Jenkins is a well-respected business leader in the community. He is an invaluable advisor on building projects, guiding the library through several major renovations. He has also played a key role in the success of two continuing library levies. Jenkins upholds the tenants of intellectual freedom and believes that everyone should have access to information. Under Jenkins’ leadership, the library obtained 300 mobile WiFi hotspots to help address the lack of internet access that exists in Gallia County. After three decades as a trustee, his enthusiasm and support of the library has not waned. Jenkins constantly strives to bring innovative programs and services to the library. Many people share knowledge, time and talent on local library boards, but what sets Jenkins apart is the way in which he connects with people and his genuine desire to help his community.
Diana Vescelius Emerging Leader Award
Taryn Mirabello, Lucasville Branch Supervisor, Portsmouth Public Library
As a branch supervisor for Portsmouth Public Library, Taryn Mirabello embodies future leadership. Her employment with the library began as a clerk in 2012. Since that time, she has had a series of roles with increasing responsibility. In 2018, she became the Lucasville Branch Supervisor. Always eager to learn and achieve more, Mirabello enrolled at Valdosta State University in 2019 to pursue a master’s degree. During the 2020-2021 school year, she served as Vice President of Valdosta State University’s Student Organization of Library and Information Science (SOLIS). Mirabello will receive her degree soon.
On a daily basis, Mirabello works hard to ensure that the Lucasville community has access to high-quality library services. Together with staff, she provide programs, materials and services for people of all ages and abilities. Mirabello was instrumental in the development of a sensory-inclusive storytime that welcomes adults with disabilities. This was the first library location in Scioto County to offer this type of programming and it was enthusiastically received by the community. For this and other work in her community, Mirabello was recently recognized with a “35 Under 35” award from her local newspaper and was selected to participate in the Leadership Portsmouth program, sponsored by the Portsmouth Area Chamber of Commerce.
Mirabello also writes articles for the local history newsletter, “The Time Traveler.” The articles have had a positive impact on the library by highlighting the unique resources and information that can be found in the Local History Department. Not only has she brought more people into the library, but she has also helped residents discover a rich history in which they can be proud.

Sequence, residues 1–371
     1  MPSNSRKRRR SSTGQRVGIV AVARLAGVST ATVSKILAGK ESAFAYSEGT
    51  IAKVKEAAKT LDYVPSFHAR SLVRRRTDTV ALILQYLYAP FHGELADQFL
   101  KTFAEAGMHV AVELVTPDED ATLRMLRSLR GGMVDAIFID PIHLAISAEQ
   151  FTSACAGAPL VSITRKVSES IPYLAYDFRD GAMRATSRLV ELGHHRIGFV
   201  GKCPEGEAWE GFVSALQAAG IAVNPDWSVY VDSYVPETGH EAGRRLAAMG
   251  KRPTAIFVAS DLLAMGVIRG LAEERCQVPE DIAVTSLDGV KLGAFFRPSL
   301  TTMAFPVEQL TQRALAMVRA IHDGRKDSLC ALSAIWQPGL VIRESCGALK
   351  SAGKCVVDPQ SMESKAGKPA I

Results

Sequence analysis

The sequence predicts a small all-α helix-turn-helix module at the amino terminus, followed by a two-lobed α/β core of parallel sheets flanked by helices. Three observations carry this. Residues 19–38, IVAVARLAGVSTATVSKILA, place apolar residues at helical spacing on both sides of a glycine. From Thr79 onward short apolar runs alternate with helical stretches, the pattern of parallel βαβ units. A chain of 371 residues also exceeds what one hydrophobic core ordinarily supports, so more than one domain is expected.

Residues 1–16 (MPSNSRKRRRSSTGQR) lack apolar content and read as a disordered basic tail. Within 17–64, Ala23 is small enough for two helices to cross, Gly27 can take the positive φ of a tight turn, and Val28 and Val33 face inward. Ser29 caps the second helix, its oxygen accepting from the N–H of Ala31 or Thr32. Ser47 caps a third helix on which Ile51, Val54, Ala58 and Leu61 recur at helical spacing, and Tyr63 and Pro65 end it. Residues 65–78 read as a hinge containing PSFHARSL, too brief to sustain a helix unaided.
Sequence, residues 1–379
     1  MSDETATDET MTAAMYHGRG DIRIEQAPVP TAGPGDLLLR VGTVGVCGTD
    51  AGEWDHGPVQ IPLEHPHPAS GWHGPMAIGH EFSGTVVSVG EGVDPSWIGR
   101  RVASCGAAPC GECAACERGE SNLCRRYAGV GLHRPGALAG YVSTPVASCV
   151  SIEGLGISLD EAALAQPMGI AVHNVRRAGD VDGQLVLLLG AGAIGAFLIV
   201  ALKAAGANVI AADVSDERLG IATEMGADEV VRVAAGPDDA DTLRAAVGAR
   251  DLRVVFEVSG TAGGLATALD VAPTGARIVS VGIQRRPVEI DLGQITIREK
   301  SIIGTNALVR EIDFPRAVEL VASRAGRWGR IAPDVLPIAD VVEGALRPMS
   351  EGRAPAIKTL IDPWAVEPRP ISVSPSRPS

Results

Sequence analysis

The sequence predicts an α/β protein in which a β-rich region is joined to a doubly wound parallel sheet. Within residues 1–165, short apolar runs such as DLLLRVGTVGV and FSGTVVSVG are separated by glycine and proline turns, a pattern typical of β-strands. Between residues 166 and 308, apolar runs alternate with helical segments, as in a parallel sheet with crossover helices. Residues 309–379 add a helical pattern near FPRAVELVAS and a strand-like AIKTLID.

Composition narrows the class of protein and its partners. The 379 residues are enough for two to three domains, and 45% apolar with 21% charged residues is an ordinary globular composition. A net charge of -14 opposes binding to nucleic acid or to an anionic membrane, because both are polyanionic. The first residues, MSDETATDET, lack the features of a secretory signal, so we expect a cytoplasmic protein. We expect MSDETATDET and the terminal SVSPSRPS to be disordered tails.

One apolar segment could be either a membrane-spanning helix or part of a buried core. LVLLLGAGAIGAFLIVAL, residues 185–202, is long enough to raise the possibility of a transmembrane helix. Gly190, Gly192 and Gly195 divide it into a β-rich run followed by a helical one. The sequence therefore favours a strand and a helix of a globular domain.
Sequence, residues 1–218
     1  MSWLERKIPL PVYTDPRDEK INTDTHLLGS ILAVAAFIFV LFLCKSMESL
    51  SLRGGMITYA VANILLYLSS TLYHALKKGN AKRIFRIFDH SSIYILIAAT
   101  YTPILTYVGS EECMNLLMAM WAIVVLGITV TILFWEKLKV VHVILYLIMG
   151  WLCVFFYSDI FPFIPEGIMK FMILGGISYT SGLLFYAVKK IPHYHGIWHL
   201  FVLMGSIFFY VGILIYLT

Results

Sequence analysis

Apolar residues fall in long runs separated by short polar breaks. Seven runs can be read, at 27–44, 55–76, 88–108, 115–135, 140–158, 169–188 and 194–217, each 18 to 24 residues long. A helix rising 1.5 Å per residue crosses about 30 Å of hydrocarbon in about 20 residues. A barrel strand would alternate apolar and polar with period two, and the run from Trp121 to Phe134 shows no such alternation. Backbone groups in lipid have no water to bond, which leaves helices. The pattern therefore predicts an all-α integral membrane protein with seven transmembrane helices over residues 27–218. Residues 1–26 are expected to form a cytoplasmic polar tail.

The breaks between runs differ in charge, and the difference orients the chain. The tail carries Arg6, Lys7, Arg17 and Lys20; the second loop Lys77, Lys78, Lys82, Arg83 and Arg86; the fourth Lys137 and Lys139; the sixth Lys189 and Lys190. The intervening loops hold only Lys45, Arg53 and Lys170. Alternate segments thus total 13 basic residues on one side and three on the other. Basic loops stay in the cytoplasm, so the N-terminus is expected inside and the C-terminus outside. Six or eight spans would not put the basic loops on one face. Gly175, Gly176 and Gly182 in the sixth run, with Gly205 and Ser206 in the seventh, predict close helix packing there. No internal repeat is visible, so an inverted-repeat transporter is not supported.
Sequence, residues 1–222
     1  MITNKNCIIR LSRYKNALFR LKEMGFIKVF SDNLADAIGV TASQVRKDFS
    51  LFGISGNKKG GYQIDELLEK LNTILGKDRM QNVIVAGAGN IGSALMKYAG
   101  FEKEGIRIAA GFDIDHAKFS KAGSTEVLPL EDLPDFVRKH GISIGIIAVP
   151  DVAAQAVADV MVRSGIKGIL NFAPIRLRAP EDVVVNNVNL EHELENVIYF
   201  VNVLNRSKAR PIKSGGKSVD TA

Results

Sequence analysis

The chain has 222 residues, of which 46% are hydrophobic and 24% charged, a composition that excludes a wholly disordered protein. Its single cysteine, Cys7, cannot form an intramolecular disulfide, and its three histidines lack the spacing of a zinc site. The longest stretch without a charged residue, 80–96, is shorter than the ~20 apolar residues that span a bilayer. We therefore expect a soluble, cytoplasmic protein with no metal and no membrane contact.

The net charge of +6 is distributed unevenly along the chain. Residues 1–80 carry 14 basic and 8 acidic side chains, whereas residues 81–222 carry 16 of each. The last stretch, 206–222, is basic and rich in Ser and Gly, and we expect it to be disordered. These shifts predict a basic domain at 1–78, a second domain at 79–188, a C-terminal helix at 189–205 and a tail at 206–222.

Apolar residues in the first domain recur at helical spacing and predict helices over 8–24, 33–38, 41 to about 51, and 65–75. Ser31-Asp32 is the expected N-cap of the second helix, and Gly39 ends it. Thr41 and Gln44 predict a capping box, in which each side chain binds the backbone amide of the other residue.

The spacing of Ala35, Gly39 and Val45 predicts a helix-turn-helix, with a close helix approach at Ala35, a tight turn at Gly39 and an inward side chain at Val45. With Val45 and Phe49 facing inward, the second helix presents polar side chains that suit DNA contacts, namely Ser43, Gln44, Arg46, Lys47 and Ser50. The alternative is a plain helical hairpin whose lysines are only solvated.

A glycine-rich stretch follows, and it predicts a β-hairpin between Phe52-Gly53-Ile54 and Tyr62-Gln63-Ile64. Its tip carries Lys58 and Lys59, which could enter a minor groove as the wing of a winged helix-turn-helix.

For her future leadership potential and dedication to library service, Taryn Mirabello is the recipient of the 2022 Diana Vescelius Emerging Leader Award.
Library Innovation Award
West End Stories Project Podcast, Cincinnati and Hamilton County Public Library
The West End Stories Project Podcast documents the history of Cincinnati’s West End neighborhood, a community that was broken up and divided by Interstate 75. By sharing the stories of former residents, Cincinnati and Hamilton County Public Library (CHPL) is preserving the neighborhood’s history and memories. It’s a powerful project that resonates with library staff and customers.
While a library podcast may not be particularly innovative, using the podcasting platform for an oral history project is. The West End Stories Project Podcast updates the idea of oral histories for today’s consumer. The goal was to make it more digestible for shorter attention spans. Fewer people are turning to blogs and general websites for information; rather they are looking for something that automatically shows up for them on their phone. The podcast is a modern way to record, share, and preserve this kind of content.
The West End Stories Project may be one of the only oral history podcasts produced by a public library. The project is multifaceted and includes blogging and digital preservation of photographs and documents. It thoughtfully preserves the stories and images from Cincinnati’s West End neighborhood, which was largely razed in the mid-twentieth century. Through podcasts, blog posts, and digital preservation via CHCPL’s Digital Library, the residents, homes, streets, buildings, and organizations that have been lost to redevelopment over the last 60 years are commemorated. Additionally, the individuals sharing their memories and the stories of others are taking an active role in the preservation process. Without their willingness to participate, these stories may have been lost forever. The project not only preserves the rich history of the area for present and future generations, but also serves as a resource for genealogists and researchers as well.
CHPL staff behind the West End Stories Podcast:
Citizen of the Year Award
Testing Team from the Ohio Department of Health — Benjamin Anderson and Mark Hamlin
When the Ohio Department of Health (ODH) purchased 2 million at-home COVID-19 testing kits in the winter of 2021, Gov. Mike DeWine’s goal was to make these rapid testing kits available and accessible in every county in Ohio. Recognizing that the library was the hub of the community, the Testing Team at ODH asked Ohio’s public libraries to play a critical role.
Over the past 18 months, Ohio’s public libraries have distributed more than 2.7 million at-home COVID-19 tests to library patrons — and the number continues to grow. Even today, Ohio library staff are still working to ensure their communities have access to testing.
This unique partnership would not have been possible without the hard work and dedication of the Testing Team at ODH. Their advocacy for public libraries, long hours, patience, and relentless support made this project a success for Ohio and a model for the rest of the country. Above all, the initiative provided a convenient place for Ohioans to access a COVID-19 test.
The OLC staff has received countless emails and phone calls from individual OLC members and public library directors asking OLC to honor and recognize the incredible work of the ODH Testing Team and these outstanding public servants.